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Docker Compose

It's 2022, per application VMs are out and containers are in! We're at chapter 2 of the tech buzzword catalogue except Docker is actually cool. NetworkChuck has a great introductory video for Docker and Docker networking and it's recommended to watch those first before continuing.

Pre-Requisite

Within this tutorial we will deploy a Minecraft server, configure backups and a monitoring dashboard with a single compose file.

You will need the following:

Installing Docker

We have already covered how to deploy Docker to a VPS within our lab series, you should follow this guide if you have not got a working instance. Other great resources for this exist within the DigitalOcean Community forum.


Deployment

For the sake of simplicity this tutorial will be entirely from the linux command line however it should work without any issues in platforms such as Portainer, if you haven't already SSH into your server.

The first step is to download a copy of our compose.yml file, you can fetch a copy using the following cURL command.

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curl https://raw.githubusercontent.com/setupmd/templates/main/Server%20Configurations/docker/compose-stack.yml -output compose.yml

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Using nano or vi you can edit the contents of the file and make changes as required

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nano compose.yml

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There are a couple of lines that you should pay attention to when it comes to customising how this file works.

The first line for consideration is line 7 "25565:25565".

  • Editing these values will change what ports are exposed on your local machine. You only normally need to change this if you're running multiple Minecraft servers e.g. Bungeecord.

The next line you can alter is line 10 MEMORY: 4G.

  • Setting this value to something between 4G and 12G tend to offer the best results, the avg server shouldn't need more than 8G assigned.

The next line you can alter is line 13 TYPE: PURPUR.

  • This defines the jar file used to host your Minecraft server, two of the most common types are PAPER and PURPUR but there are multiple other values that can be assigned her based on the type of server you wish to run.

The next line you can alter is line 27 "8180:8080".

  • It's only recommended you change the left hand value for this service if you're currently using it for an alternative solution. You should take note of these port changes as you may need to reference them later on.

The next line you can alter is line 27 "80:3000".

  • It's only recommended you change the left hand value for this service if you're currently using it for an alternative solution. You should take note of these port changes as you may need to reference them later on.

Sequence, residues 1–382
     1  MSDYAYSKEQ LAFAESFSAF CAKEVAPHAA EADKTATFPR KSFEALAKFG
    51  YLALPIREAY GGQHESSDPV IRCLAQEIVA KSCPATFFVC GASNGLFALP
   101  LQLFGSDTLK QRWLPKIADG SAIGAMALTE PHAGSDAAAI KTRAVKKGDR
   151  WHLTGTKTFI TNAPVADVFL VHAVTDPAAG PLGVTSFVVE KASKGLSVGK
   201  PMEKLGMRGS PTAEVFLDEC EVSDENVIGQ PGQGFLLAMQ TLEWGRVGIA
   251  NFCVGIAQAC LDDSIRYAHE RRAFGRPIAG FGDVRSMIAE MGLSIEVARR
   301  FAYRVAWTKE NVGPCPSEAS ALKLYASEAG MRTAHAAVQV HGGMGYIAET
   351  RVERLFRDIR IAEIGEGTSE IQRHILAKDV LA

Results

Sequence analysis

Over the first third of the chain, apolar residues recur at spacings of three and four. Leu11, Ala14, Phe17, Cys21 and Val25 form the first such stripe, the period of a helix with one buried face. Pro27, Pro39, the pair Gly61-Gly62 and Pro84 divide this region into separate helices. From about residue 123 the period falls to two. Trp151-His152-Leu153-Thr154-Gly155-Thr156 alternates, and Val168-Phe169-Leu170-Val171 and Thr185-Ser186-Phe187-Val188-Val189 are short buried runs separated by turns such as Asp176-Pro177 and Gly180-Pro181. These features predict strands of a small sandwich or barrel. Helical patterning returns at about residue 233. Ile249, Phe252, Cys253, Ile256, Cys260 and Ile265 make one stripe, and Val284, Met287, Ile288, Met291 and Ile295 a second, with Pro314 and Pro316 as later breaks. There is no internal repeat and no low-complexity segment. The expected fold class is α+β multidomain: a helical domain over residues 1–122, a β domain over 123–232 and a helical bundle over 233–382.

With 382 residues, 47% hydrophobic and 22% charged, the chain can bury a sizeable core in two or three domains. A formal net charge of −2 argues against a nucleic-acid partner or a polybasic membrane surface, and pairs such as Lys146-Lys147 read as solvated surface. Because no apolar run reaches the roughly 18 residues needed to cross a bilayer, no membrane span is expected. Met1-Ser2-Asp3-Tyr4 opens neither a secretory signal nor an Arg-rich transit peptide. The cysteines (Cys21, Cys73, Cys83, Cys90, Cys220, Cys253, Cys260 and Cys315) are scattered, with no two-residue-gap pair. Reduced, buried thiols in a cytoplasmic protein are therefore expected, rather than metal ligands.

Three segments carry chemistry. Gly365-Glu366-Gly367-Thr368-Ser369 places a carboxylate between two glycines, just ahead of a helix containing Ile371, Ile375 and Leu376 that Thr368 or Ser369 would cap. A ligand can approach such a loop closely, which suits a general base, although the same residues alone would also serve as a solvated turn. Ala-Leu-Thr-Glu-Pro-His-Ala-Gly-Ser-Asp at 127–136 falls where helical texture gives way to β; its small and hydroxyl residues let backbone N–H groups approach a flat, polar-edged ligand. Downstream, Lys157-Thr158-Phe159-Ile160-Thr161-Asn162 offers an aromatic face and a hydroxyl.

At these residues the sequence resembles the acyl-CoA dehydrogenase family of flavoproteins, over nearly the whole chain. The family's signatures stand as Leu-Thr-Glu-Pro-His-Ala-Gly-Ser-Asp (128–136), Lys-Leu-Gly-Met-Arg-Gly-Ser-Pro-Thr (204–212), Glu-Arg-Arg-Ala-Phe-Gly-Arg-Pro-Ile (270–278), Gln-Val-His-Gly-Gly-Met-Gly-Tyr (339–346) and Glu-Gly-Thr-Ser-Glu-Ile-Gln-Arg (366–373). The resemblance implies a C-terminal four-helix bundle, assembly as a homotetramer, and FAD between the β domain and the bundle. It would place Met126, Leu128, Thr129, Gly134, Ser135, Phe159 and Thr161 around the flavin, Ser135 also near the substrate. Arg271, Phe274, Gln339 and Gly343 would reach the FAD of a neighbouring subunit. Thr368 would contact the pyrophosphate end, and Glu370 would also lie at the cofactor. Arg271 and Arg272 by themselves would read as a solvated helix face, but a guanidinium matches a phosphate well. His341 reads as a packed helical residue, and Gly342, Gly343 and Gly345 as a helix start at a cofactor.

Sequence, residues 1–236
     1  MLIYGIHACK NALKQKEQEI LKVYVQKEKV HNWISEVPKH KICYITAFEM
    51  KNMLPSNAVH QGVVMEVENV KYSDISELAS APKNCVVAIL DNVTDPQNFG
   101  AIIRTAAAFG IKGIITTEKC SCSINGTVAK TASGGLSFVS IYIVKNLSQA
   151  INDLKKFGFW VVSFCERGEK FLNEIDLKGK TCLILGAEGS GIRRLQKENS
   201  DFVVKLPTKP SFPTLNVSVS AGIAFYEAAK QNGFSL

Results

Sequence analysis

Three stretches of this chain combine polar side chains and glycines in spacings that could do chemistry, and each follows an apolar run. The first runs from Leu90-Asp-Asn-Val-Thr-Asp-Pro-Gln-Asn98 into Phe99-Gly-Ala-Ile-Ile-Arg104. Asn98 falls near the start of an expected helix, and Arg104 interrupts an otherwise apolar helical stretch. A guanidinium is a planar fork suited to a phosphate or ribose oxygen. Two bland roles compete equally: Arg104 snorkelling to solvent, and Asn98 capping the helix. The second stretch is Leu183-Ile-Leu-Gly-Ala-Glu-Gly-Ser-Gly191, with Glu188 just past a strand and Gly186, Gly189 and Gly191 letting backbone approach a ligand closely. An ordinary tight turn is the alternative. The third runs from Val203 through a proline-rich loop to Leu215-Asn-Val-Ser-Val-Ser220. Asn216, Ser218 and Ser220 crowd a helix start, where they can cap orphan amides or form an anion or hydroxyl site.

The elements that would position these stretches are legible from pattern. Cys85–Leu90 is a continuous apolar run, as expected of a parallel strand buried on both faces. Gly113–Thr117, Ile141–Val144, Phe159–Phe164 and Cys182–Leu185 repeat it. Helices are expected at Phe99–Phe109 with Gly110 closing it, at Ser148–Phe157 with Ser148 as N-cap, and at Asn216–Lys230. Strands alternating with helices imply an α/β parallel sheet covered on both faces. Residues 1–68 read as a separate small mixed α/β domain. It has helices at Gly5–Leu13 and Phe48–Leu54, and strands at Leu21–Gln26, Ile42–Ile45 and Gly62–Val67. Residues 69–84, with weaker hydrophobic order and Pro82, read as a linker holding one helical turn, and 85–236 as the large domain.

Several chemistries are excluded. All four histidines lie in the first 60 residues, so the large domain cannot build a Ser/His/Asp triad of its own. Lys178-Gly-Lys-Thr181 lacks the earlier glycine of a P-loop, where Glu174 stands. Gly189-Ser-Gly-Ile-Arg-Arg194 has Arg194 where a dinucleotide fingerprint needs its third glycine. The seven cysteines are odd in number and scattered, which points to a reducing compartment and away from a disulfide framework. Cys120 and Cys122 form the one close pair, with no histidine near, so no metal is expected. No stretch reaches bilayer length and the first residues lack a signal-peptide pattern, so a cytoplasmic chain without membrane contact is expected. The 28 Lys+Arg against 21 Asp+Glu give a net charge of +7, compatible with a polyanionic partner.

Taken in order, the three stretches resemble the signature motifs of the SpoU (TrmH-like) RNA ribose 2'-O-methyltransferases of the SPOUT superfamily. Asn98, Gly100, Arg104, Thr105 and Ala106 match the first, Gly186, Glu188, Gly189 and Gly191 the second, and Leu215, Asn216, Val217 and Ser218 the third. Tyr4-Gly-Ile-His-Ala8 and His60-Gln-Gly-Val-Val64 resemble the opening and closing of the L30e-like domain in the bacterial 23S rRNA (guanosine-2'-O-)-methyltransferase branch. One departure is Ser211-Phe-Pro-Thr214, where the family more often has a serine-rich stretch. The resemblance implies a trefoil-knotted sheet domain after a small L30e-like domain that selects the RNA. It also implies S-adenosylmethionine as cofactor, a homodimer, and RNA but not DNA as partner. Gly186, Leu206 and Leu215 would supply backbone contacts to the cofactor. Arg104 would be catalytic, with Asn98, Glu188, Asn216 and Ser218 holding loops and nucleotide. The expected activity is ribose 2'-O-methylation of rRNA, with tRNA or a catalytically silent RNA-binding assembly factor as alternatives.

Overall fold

The final line you may wish to alter is line 53 BACKUP_INTERVAL: "1d".

  • Define how frequently your server is backed up, for a small server 1d is more than enough but for larger public environments you may wish to move this to every 4 hours.

Now that the config has been adjusted as required the next thing to do is to spin up your containers, this can be done using the below command.

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docker compose up

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You can confirm if the containers have been started by using the docker ps command.

If one or more services produces an error, you should try using the below command to ensure nothing is currently running on the specified port.

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netstat -anpe | grep "{PORT}" |grep "LISTEN"

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Importing Worlds

Ensure your docker instance is stopped before you change the world file to prevent corruptions.

info

If you do not have a Minecraft world you would like to bring over you can skip this step

Firstly navigate to where your world is stored, if you're world is in a singleplayer state this will be located in your .minecraft\saves folder.

  • You should compress your world utilising a zip folder, the steps will vary slightly based on OS
  • Start a SFTP shell using sftp {username}@{server-ip}
  • Navigate to /svr/minecraft using cd /svr/minecraft
  • Upload the file by using put /path/to/folder/world.zip /svr/minecraft/world.zip
    • This may take a few minutes depending on your internet upload speeds
  • Exit the SFTP session using exit
  • Start an SSH sessions using ssh {username}@{server-ip}
  • Install the unzip package using sudo apt install unzip
  • Unzip the world we just uploaded using unzip /svr/minecraft/world.zip

Now the world has been uploaded you can start the server and your world should be loaded, if your server is not using your uploaded world ensure you have the correct foldername specified within the server.properties file (this is case sensitive).


Monitoring

This section is optional however as our docker-compose file already contains the required info to configure this we will do so in this guide. If you do not care for monitoring this can be ignored.

Prometheus

Prometheus is very similar tool to InfluxDB (a tool we use in our lab series) and it is used for metric collection for a given source. Everything within our docker instance should already be configured as required you only need to ensure prometheus is running when you use the docker ps command.

Grafana

For our installation Grafana can be found in the browser via http://{server-ip} (utilising port 80 by default unless changed within the compose file).

The process of setting up Grafana and adding sources / dashboards can be found within our lab series.